ethnicity
• random: causative factors operate at
scales finer than ―reporting zones‖
• clustered: causative factors operate at
scales coarser than ―reporting zones‖
Moran’s Index
• positive when attributes of nearby
objects are more similar than expected
• 0 when arrangements are random
• negative when attributes of nearby
objects are less similar than expected
I = nS     S wijcij / S S wij S(zi - zavg)2
n = number of objects in sample
i,j - any 2 of the objects
Z = value of attribute for I
cij = similarity of i and j attributes
wij= similarity of i and j locations
Moran’s Index
similarity of attributes, similarity of location
Extreme negative SA                              Dispersed, - SA

Independent, 0 SA

Spatial Clustering, + SA                       Extreme positive SA
Crime Mapping
• Clustering - neighborhood scale
Moran’s Index
similarity of attributes, similarity of location

Maps from Luc Anselin, University of Illinois U-C, Spatial Analysis Lab
The Local Moran statistic, applied using the
GeoDa software (available via geodacenter.asu.edu)
to describe local aspects of the pattern of
housing value among U.S. states (darker =
more expensive)
Below avg surrounded by above-avg
Oregon, Arizona, Pennsylvania
Moran’s I = 0.4011, clustering
Hotspot Analysis, Getis-Ord
Video in 3 Parts
• http://bit.ly/cGzF7G

• http://bit.ly/a5342O

• http://bit.ly/9BFnHa
Fragmentation Statistics
• how fragmented is the pattern of areas
and attributes?
• are areas small or large?
• how contorted are their boundaries?
• what impact does this have on habitat,
species, conservation in general?
1975
1986

Note the increasing fragmentation
of the natural habitat as a result of
settlement. Such fragmentation
of wildlife populations.
1992
Fragstats
pattern analysis for landscape ecology
See GEO 580 site for direct links
FRAGSTATS Overview
• derives a comprehensive set of useful
landscape metrics
• Public domain code developed by
Kevin McGarigal and Barbara Marks
under U.S.F.S. funding
• Exists as two separate programs
– AML version for ARC/INFO vector data
– C version for raster data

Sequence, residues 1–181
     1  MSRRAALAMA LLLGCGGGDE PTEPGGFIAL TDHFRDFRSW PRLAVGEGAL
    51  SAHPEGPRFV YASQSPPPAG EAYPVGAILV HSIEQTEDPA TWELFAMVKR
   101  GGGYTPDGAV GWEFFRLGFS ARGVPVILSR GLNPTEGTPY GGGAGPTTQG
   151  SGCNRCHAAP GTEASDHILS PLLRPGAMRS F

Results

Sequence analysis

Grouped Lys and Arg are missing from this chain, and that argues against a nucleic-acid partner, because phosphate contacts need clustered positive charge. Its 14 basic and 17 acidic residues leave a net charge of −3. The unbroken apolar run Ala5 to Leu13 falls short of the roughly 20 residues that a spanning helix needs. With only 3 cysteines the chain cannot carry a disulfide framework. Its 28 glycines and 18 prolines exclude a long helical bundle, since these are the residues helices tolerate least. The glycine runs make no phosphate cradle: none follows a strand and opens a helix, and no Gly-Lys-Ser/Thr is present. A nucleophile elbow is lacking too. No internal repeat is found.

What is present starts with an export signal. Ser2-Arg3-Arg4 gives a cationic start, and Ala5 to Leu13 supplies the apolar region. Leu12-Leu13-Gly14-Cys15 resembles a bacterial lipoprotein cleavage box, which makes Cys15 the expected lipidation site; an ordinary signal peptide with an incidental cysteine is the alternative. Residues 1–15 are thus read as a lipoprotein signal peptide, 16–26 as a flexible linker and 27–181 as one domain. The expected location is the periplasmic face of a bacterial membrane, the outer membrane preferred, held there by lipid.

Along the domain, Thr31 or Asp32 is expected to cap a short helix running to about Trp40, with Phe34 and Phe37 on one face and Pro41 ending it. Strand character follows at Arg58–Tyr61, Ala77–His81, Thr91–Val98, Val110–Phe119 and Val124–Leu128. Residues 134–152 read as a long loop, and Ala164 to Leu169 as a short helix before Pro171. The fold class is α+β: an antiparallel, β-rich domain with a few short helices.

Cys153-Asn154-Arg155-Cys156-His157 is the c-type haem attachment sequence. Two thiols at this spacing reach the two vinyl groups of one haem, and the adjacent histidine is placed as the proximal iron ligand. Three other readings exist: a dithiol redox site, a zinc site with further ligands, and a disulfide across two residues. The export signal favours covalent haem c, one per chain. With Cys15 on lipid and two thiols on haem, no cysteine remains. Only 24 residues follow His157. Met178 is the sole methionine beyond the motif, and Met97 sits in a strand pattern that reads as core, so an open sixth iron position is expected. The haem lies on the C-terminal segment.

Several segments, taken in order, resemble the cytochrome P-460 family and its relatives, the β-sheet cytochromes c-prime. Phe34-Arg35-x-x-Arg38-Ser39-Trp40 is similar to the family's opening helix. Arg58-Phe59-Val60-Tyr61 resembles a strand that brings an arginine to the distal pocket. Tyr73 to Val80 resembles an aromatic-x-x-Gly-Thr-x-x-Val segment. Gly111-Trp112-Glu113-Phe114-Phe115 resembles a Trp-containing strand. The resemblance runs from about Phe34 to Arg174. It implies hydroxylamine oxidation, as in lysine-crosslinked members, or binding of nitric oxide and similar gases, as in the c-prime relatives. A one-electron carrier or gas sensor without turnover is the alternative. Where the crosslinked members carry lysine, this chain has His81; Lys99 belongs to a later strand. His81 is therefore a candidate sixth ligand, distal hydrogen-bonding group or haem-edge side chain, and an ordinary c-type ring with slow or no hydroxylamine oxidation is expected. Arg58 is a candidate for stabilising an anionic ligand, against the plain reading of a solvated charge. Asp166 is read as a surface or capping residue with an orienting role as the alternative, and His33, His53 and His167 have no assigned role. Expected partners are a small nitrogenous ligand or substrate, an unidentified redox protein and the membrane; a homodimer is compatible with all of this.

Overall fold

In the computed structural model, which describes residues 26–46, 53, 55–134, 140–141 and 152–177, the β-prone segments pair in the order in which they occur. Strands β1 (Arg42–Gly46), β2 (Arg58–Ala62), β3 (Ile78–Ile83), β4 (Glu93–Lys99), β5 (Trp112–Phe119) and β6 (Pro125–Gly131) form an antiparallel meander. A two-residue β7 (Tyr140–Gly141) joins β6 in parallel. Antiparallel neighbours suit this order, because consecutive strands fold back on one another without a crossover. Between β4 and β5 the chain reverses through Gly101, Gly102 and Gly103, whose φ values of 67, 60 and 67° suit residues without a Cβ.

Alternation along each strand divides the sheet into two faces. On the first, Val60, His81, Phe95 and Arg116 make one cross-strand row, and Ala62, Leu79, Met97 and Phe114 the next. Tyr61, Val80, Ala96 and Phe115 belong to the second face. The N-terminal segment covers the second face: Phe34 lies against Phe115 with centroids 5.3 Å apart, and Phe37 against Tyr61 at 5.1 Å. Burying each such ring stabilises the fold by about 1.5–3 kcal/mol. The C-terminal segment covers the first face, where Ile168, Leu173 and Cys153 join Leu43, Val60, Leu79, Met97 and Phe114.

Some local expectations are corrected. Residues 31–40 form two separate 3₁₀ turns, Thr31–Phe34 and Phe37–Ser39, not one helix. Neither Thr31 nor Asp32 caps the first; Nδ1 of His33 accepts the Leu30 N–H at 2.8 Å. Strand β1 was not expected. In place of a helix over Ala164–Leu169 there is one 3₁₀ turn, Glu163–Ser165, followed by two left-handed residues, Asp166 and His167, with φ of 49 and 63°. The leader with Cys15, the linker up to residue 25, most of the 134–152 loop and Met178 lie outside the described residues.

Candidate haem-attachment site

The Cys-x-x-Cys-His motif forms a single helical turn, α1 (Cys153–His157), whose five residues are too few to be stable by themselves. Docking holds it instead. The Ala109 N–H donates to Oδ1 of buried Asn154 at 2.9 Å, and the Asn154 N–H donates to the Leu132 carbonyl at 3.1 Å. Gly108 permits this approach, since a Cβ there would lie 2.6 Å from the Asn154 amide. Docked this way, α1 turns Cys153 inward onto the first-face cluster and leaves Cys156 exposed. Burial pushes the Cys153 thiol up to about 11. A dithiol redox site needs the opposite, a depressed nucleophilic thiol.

FRAGSTATS Fundamentals
• PATCH… individual parcel (Polygon)

A single homogeneous landscape unit
with consistent vegetation characteristics,
e.g. dominant species, avg. tree height,
horizontal density ,etc.

A single Mixed Wood polygon
(stand)

CLASS… sets of similar parcels
LANDSCAPE… all parcels within an area
FRAGSTATS Fundamentals
PATCH… individual parcel (Polygon)
• CLASS… sets of similar parcels
All Mixed Wood polygons
(stands)

LANDSCAPE… all parcels within an area
FRAGSTATS Fundamentals
PATCH… individual parcel (Polygon)
CLASS… sets of similar parcels
• LANDSCAPE… all parcels within an area ―of
interacting ecosystems‖

e.g., all polygons
within a given
geographic area
(landscape mosaic)
FRAGSTATS Output Metrics
•   Area Metrics (6),
•   Patch Density, Size and Variability Metrics (5),
•   Edge Metrics (8),
•   Shape Metrics (8),
•   Core Area Metrics (15),
•   Nearest Neighbor Metrics (6),
•   Diversity Metrics (9),
•   Contagion and Interspersion Metrics (2)
• …59 individual indices
(US Forest Service 1995 Report PNW-GTR-351)
More Spatial Statistics Resources
• GeoDA (geodacenter.asu.edu)
• S-Plus
(www.absc.usgs.gov/glba/gistools/)
• Central Server for GIS & Spatial Statistics
on the Internet
– www.ai-geostats.org
• GEO 541 – Spatio-Temporal Variation in
Ecology & Earth Science

```
Related docs
Other docs by twK0Ey
Annual BMPOA meeting
Chapter04 II